DJ Assault (aka Craig Diamonds) is a Detroit legend.
Having grown up in Detroit during the birth of techno, Assault fused the worlds of hip-hop and electronic music to create a style he has referred to as “accelerated funk.” After more than two decades of music-making, DJ Assault is an international brand. His label, Jefferson Ave. Records, continues to release his music here in Detroit.
In addition to his energetic live performances, Assault’s music has been widely successful with film and TV placements, including programs such as MTV’s Road Rules, Comedy Central’s Chappelle Show, DreamWorks Pictures’ I Love You Man, Coca Cola’s DJ Tour, Géla Babluani’s Oscar-nominated picture 13 and numerous others.
DJ Assault took the time to speak with DMM regarding his successful career, the lost art of turntable mixing, and Detroit’s place in electronic music history.
When you were growing up in Detroit, techno was really starting to blow up. Were you influenced by people like Carl Craig, Jeff Mills (The Wizard), and Electrifying Mojo?
I think when I heard my first Carl Craig record it was like ’93. [Laughs] Yeah, but The Wizard and Electrifying Mojo, those were probably the only people I listened to, because I was really young. So, I had all the time to just sit in the house and listen to the radio or record the radio. I still have hundreds of tapes. You know, that I recorded as a kid from back then. That was the radio with Mojo and The Wizard. When I could get ’em, Chicago radio with all of the Hot Mix DJs too — like Farley [“Funkin” Keith], Bad Boy Bill, Julian “Jumpin” Perez, Mike “Hitman” Wilson… I’m probably leaving some out. But yeah, it really influenced me, because I didn’t know you could mix records like that. And I wanted to imitate what I was hearing. At the time, everything that came out was very good. That was the difference, you know. I was really influenced and really wanted to get into it because all the material was good.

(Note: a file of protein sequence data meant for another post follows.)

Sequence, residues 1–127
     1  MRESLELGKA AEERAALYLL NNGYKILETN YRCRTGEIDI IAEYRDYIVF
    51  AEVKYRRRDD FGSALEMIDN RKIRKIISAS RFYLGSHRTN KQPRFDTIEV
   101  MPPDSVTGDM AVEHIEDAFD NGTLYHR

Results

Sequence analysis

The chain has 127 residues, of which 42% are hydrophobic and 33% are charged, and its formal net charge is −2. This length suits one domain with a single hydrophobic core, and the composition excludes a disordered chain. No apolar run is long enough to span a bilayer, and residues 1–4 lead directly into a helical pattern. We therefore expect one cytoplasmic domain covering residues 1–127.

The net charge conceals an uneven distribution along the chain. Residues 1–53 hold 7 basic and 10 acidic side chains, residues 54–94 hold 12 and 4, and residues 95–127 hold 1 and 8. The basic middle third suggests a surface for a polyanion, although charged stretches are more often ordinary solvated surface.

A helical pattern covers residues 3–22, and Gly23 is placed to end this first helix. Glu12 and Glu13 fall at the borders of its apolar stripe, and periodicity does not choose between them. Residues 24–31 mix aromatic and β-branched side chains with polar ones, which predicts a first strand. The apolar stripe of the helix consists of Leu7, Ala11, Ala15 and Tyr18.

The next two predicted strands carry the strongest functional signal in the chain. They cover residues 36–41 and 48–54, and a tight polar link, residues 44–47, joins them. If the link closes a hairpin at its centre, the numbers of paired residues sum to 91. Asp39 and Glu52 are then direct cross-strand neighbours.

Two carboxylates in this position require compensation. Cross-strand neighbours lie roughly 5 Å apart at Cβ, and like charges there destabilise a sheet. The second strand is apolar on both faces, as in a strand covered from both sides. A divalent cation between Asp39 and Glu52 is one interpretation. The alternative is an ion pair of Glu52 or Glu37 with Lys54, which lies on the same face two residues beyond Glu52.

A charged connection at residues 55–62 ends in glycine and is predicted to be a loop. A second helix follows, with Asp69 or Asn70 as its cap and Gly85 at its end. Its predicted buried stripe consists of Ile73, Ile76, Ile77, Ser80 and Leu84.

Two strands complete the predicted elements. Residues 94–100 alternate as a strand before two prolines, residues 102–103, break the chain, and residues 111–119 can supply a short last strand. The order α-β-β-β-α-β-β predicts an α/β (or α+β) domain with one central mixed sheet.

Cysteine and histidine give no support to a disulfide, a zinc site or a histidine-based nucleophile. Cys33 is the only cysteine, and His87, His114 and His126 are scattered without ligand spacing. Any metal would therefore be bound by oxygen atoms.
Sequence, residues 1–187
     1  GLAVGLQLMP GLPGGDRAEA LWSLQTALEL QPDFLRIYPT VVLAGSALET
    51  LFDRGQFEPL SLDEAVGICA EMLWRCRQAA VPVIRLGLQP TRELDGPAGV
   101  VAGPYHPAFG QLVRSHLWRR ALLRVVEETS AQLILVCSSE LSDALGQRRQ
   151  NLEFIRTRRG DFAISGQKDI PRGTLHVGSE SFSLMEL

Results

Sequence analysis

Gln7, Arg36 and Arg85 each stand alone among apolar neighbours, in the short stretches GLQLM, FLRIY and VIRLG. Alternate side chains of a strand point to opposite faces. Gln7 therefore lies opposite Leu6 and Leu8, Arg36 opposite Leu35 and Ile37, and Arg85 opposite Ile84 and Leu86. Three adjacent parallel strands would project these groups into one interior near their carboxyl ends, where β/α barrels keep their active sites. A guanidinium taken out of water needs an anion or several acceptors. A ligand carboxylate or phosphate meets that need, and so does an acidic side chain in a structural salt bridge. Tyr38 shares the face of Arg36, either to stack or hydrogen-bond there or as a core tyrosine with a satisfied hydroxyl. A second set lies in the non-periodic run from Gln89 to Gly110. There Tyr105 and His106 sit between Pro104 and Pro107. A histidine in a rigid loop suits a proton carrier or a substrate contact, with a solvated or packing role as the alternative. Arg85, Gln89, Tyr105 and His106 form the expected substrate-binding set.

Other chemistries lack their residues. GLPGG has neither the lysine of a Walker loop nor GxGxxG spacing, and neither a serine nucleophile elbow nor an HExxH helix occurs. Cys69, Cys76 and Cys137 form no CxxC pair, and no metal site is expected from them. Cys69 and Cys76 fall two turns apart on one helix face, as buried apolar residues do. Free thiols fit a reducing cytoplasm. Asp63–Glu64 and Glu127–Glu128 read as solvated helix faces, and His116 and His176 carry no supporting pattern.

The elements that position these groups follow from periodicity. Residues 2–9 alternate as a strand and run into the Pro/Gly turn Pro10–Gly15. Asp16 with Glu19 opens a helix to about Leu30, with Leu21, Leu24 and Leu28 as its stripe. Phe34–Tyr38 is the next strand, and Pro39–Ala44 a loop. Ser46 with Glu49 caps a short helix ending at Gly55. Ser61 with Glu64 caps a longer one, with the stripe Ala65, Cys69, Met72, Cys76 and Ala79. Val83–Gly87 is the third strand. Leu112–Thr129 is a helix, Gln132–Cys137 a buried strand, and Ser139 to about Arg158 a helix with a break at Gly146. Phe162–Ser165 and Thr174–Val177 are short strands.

In your early solo career you established the DJ Assault persona, which stemmed from a name you had in a previous group. The DJ Assault on stage is all about the party, while the offstage side of DJ Assault seems more reserved. It seems like there are almost two DJ Assaults. Is that fair?
I mean… I would say the DJ Assault persona is part of my personality, because I have a… I don’t know… a sense of humor that’s not for everybody all the time. But that’s just me. I think that everything about art can’t be your life. I feel like people try to act like the character, especially now, they try to act like the person on the record. That’s just kind of fake. You should be you. My records did have to do with what was going on at the time. It wasn’t so far out of the realm of who I really am. I guess that was just a side of me. You get one side of me on the record, but I’m multifaceted. I would say there are a million sides to me. I’m pretty complicated.
It seems like you have toned down the raunchiness of your lyrics a bit since the early days. Is there any particular reason for this?
[Laughs] You people notice everything. [Laughs] Well, basically — when I started thinking I could get licensed for film and TV… You know, it’s harder to get all the profanity licensed. It pretty much narrows the opportunity. So it became a good idea to not make every record like that. I didn’t know where they would end up. Records I didn’t expect to do anything ended up being really big with film and TV. Also, it got to the point where everyone was pretty much imitating that style. It got to be like — who would make the worst record? It became a competition, and it was deteriorating more and more. It was like, ‘I said something awful. How can I get worse than that?’ It kinda just turned into cuss music once everybody did it. That whole thing is kind of played out now if you ask me. You’re competing for worst place instead of first place.